“Void”‘s Introduction to the Notes to his collection of poems, Ex Nihilo

It is rather a departure from what is considered appropriate to supply notes to one’s own poems, but it is not without precedent. T. S. Eliot supplied notes to “The Wasteland”, though their usefulness is doubtful. Coleridge added sidenotes to “The Rime of the Ancient Mariner”, which are indeed helpful. Indeed, many a novelist, historian, biographer, has added footnotes to help the reader understand things which are present in the text, but may need additional explanation. Even editors of poems add notes — but the poet is generally denied the right to make sure those notes are correct.

This is in a sense elitist. The critics, keeping to themselves the right to interpret, do not want the poet to contradict them — and sometimes even insist that their interpretation of the poet’s intent should take precedence over the poet’s actual intent.

Despite this, it is essential with poetry that some of the original intent should be understood. One of the great strengths of the poetic form is the variety of interpretations that can be made — but for all that, though there be a thousand correct interpretations, there will also be a few incorrect ones. These notes are intended partly to forestall some of the grosser misinterpretations, and partly to give a hint to understanding the original intentions of the work. Once understood, it is hoped that the poems will continue to operate internally, but this might not happen until they are first understood correctly. It should be noted that these notes are by no means complete — they are merely to explain a few of the more obscure ideas. A great deal is left to the reader.

Having taken this course, it may be well to state a theory of poetry. Some poets will claim that poetry is all about images — that it is the metaphors and similes, the illustrations of imagination that make poetry poetry. This is true. A far fewer number, in today’s culture, will claim that the music of poetry, the rhyme and rhythm, alliteration and all manners of manipulation of sound, make poetry poetry. This is true. Others, a very small minority indeed in our current culture, will claim that it is the inspiration, the moral quality, the teaching, the prophecy (in the widest sense, of explaining the unknown) that makes poetry poetry. This is also true. Very rarely, the mnemonic value of poetry is recalled — a great number of modern poets have entirely forgotten that poetry is a vestige of an oral tradition, for seeing poetry as a plaything as opposed to the very core of life, they do not feel the necessity of making their words easy to remember — having books, a most useful invention, at hand, they forget the necessity of keeping the most important concepts constantly in one’s head. Hopefully this book of poems will live in the minds of those who read it, rather than rot in data banks, to be perused occasionally by readers who seek a curiosity.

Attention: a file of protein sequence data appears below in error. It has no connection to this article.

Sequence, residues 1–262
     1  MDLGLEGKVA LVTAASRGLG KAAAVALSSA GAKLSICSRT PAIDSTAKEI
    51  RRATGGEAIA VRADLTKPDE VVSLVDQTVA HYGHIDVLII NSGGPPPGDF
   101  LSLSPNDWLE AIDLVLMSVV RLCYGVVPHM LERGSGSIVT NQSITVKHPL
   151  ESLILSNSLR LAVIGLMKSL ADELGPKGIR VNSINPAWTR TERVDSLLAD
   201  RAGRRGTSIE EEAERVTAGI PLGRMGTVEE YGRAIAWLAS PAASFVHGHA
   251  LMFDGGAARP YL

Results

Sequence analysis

Hence, once again, the reason for giving these notes. It is hoped that a reader who understands the poems better will remember the basic tenets better.

But back to the subject of what poetry is. Is it vision? or sound? Is it moral? or mnemonic? What the modern world seems to have forgotten is that poetry is not one of these things, but all of them. Poetry is all of these things and much more. Its confusion with religion is not accidental nor incidental. It is not a replacement but a complement to religion. It is, or should be, at the very core of life. It is a good chunk of the operating system of the human brain, and, if it is missing, the system will suffer.

Yet for all this high purpose, it should not be allowed to become too proud. It can also be fun and even nonsensical on occasions. Poetry is a little bit of everything, and to confine it to one part is to destroy it. It is the confinement to one part or another, the denying of one or more of the four essential missions outlined above (and perhaps others) that is the great problem with poetry since the Great War. Whether the moral (“Art for Art’s Sake”), the Sound (many a prose poem), the Imagery, or the Mnemonic quality (any thing long, and most modern verse) is forgotten, the poetry suffers. Every thing ever written, very much including the poems in this book, are deficient in all these regards, but at least some effort has been made, and more importantly, these essentials have not been scorned — when they have come as a gift to the mind (a common occurrence in poetry), they have not been set aside as archaic or backward.